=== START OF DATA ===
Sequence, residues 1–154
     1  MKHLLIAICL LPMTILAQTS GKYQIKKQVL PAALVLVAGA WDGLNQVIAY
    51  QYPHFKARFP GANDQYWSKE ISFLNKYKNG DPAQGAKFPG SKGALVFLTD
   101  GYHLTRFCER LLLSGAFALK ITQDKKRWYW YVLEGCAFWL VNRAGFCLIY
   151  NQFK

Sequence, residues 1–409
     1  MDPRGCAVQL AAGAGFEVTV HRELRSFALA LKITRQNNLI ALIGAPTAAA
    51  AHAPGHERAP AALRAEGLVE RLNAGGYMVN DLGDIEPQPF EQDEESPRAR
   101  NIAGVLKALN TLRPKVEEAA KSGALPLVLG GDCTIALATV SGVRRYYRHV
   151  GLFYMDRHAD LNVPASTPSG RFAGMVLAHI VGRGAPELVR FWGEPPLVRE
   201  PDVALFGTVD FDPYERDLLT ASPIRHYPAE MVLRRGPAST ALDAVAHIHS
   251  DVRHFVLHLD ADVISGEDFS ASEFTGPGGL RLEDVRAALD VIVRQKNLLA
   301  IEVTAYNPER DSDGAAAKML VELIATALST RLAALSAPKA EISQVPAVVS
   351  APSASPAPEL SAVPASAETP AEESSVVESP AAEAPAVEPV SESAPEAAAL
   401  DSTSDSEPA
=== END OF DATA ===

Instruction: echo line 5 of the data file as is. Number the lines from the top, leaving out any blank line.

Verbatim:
   151  NQFK